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The Inner Child

Posted By Alison D. Brumwell, 27 August 2019
One of the significant takeaways from this year’s SLA/YLG joint weekend course in Birmingham was identified by delegates as increased stock knowledge. Building Identity, Building Readers focused on the theme of children’s mental health and well-being, particularly in terms of identity. The weekend course also coincided with the 30th anniversary of the UN Convention on the Rights of the Child; never has it been more important to ensure these are embedded in our daily work as librarians. Small, independent publishers have recently been at the forefront of commissioning innovative illustrated material to support building empathy and developing emotional resilience. Picture books The Suitcase (Chris Naylor Ballesteros, published by Nosy Crow) and Umbrella (Elena Arevalo Melville, published by Scallywag Press) are two examples from 2019 lists. Cicada Books adds to this with a quirky picture book, Melbourne-based artist Henry Blackshaw’s The Inner Child. The importance of making time to play and be joyful is conveyed in this open letter to both children and adults. The value of cherishing our inner child, the lessons learned in childhood and that fact that adults feel fear and anger too is delivered with subtle charm and limited text. There are positive messages about friendship, love and growing old. Bullies come in all shapes and sizes; “Nasty adults…have a nasty child inside.” Blackshaw encourages his readers, regardless of age, to look beneath the surface; his adult characters dance, stride and ride across the pages in vivid colour while their child selves are superimposed in pencil. Perhaps The Inner Child’s key message is about tolerance; preserving the inner child in each of us, and listening to their voices, makes us kinder and more thoughtful adults. The Inner Child, Henry Blackshaw Cicada Books 978-1-908714-68-8 £6.95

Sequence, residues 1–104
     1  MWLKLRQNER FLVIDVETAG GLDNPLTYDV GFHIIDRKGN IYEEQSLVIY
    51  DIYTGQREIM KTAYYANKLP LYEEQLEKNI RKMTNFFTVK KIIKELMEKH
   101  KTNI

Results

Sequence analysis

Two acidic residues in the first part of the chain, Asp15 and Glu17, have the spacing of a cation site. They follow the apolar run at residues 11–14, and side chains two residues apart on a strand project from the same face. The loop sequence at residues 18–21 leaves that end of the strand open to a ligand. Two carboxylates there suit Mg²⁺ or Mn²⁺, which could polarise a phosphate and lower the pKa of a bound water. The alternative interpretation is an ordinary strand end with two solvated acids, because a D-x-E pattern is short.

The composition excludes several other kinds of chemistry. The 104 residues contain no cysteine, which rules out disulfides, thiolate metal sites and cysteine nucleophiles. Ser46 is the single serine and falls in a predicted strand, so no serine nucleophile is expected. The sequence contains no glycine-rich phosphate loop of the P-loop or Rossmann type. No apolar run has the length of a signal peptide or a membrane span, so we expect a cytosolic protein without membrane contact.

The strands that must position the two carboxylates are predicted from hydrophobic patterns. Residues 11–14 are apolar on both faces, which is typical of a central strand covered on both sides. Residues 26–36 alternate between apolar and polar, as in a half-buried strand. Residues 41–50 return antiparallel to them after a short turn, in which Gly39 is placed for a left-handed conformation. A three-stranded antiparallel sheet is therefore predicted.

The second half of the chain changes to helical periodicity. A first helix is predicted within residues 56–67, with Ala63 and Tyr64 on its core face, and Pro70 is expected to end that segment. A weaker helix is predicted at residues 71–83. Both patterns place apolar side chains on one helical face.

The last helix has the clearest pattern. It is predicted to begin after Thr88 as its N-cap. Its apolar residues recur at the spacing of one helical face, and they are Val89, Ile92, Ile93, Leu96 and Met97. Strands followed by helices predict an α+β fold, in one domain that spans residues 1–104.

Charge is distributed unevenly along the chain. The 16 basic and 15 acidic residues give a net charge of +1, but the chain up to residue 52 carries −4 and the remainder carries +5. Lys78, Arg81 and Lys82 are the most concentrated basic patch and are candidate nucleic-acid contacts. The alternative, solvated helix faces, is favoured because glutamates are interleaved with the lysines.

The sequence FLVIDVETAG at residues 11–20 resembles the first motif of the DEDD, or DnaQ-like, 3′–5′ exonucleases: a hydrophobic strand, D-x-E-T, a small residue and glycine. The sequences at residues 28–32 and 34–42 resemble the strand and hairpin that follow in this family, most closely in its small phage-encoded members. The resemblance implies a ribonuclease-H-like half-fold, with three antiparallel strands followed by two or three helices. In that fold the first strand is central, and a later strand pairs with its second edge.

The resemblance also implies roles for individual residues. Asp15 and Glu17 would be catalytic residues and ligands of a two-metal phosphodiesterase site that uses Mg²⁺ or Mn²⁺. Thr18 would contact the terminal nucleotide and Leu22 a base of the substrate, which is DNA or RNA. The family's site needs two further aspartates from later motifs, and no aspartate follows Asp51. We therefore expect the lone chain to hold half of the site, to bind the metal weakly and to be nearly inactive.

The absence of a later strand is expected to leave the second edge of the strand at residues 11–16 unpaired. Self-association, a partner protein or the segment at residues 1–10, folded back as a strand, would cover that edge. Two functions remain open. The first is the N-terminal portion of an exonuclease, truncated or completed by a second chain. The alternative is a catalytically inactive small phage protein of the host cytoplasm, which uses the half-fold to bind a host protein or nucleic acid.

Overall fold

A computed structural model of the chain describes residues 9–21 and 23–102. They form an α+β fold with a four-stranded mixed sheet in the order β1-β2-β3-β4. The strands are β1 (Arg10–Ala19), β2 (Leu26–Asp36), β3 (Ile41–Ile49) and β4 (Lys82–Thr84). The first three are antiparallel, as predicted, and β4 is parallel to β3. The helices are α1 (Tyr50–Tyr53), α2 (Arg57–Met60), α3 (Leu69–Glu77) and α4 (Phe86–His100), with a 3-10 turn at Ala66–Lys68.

Tags:  illustration  Reading for Pleasure  visual literacy 

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